There are days, many days, when I dread turning on the news. I don't think that's unusual in Israel. And, like most people here who dread turning on the news, I do it anyway.
Once in a very long while, though, I'm grateful I did.
This weekend, for example. The tragic murder earlier this month of Dan Uzan, a Danish Jew slain while guarding a bat mitzvah at the central synagogue of Copenhagen, inspired a small group of young Muslims in neighboring Norway to do something extraordinary.
They took to social media to call on fellow Muslims to gather outside the synagogue of Oslo while members of the nation's small Jewish community prayed inside. They hoped to create a "ring of peace" around the shul – an enormously powerful redefinition of the concept of a human shield.
In the words of one of the Sabbath worshippers, Norway Chief Rabbi Michael Melchior, the teenagers decided to brave the cold and their own fears and previous notions "in order to convey the message to terrorists that if they want to harm the Jewish community in Oslo, they would have to go through them first."
One of the organizers was quoted as saying they were hoping that as many as 30 people would respond to their call to Muslims and other Norwegians to join them. More than 1,200 did.
"There are many more peace-mongers than warmongers," Zeeshan Abdullah, one of the organizers, told the crowd, as Jewish community leaders and the organizers of the ring of peace stood beside one another. "There's still hope for humanity, for peace and love, across religious differences and backgrounds."
The gathering, broadcast live on television, came amid a rising tide of anti-Semitic and anti-Muslim attacks across Europe. Norway's Jewish community, one of the continent's smallest, is around a thousand strong. Estimates of the Muslim community in Norway run from 150,000 to a quarter million.
"One after another, in the freezing cold, the youngsters from the organizing group stood up and called on their brethren to take back ownership of Islam," the Copenhagen-born Rabbi Melchior, a former member of Knesset and a prominent advocate for Jewish-Arab reconciliation and coexisrtence, recalled in a Facebook post.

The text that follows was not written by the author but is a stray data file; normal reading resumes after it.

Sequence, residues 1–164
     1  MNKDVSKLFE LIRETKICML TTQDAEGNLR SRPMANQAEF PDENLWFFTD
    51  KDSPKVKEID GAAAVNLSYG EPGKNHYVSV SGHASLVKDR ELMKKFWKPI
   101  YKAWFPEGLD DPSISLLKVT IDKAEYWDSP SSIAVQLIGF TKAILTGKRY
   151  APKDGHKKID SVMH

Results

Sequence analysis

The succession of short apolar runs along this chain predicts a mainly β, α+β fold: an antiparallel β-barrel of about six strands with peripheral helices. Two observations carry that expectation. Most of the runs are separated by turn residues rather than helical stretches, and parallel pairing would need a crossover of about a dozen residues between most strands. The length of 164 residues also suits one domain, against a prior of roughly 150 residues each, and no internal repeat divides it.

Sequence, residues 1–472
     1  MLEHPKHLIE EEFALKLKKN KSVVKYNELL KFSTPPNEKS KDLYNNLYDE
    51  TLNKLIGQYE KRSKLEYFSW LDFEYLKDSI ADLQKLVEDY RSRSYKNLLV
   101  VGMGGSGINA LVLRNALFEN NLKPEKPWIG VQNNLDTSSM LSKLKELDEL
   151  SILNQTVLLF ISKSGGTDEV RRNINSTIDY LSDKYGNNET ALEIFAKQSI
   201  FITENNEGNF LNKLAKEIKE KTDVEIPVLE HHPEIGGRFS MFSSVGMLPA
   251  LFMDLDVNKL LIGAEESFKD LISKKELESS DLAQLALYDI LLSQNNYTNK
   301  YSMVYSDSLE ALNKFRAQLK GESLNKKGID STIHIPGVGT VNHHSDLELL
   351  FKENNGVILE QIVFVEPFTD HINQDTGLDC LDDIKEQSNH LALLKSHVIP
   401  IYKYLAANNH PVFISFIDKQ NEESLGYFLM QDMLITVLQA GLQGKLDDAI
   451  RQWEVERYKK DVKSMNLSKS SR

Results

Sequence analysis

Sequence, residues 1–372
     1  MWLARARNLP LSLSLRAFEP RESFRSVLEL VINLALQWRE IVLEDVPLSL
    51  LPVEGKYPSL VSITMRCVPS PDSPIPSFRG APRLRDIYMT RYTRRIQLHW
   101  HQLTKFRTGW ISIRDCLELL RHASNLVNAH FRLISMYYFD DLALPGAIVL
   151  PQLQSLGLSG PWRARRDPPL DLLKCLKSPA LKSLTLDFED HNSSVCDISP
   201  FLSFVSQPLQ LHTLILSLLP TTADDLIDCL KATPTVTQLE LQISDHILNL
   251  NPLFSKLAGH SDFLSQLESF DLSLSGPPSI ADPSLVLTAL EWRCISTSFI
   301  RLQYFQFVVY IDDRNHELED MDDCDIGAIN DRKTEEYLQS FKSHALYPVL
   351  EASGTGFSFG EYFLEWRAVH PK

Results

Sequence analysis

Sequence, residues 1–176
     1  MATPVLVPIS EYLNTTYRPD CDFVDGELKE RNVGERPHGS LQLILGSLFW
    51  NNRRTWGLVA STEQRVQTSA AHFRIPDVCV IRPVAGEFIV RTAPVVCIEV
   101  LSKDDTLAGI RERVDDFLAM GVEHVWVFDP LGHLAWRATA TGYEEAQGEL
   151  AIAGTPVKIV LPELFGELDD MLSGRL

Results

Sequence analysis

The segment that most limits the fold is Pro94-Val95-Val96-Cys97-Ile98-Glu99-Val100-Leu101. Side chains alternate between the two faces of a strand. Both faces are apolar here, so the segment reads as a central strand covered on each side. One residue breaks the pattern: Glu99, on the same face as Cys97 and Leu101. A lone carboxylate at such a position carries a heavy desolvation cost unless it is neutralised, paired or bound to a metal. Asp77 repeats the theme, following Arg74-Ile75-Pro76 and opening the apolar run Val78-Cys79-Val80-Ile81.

"Out of faithfulness to Islam," he continued, "they are saying NO to anti-Semitism, as well as NO to Islamophobia and YES to building a shared society. Such a simple, accurate and true message. Each and every one spoke in the name of Allah the Merciful and Compassionate and it was clear they really meant it."
There will be those who will dismiss the ring of peace as meaningless, or worse, as a hoax.
There will be those who will deride the ring of peace by quoting past statements of one of the organizers implying that Jews were behind the Twin Towers attacks – but who will ignore or wave away the fact that the organizer himself recanted his beliefs as having been as "anti-Semitic" and "unacceptable," and took a significant role in helping initiate the ring.
To diminish the ring of peace, however, is to ignore the experience and the insight of people like the head of the Jewish community of Oslo, Ervin Kohn, who called the initiative “extremely positive," adding that it could change the dynamics of minority relations in Scandinavia.
To do that is to ignore the tears of Dan Uzan's father, who on hearing of the ring of peace, told the rabbi that this was the first time he had managed to find meaning in the brutal death of his son.
And to do that is to ignore the words of Rabbi Melchior, speaking to the crowd of Christians, Jews, and Muslims outside the synagogue that night, quoting from the Koran.
Declaring that the actions of the young Muslims were deeply rooted in the Koran, he related the story of an incident in the life of Muhammad, when the people of Mecca threatened to kill the Prophet.
A family of non-Muslims then surrounded the Prophet. The head of the family told the people of Mecca that if they wanted to kill the Prophet, they would need to kill him and his family first.
"In the Circle of Peace the young Muslims created on Saturday night, they continued, through their noble action, the great act that is a basis of Islam, and which the Prophet, when he rose to prominence, praised as the greatest act," Rabbi Melchior wrote on Sunday.
He told the Muslims standing guard outside the synagogue that as a believer, he shared their belief in Allahu Akbar – that G-d, in His Greatness alone, was present in every space throughout the world. And that in particular, He was present in the space between the moving ring and the Jews it was meant to defend.
"For, where there is humanity," Rabbi Melchior concluded, "Allah wants to be more than anywhere else in the world."
True, by itself, the ring of peace solves nothing. But like the very concept of grace, it's a start. People armed only with courage are showing one another the immense might of standing side by side.
To every single person in that ring of peace, especially the eight brave young people who set it in motion, I want to say just this:
I don't know you. But I thank you. And I consider you my friend.
Want to enjoy 'Zen' reading - with no ads and just the article? Subscribe todaySubscribe now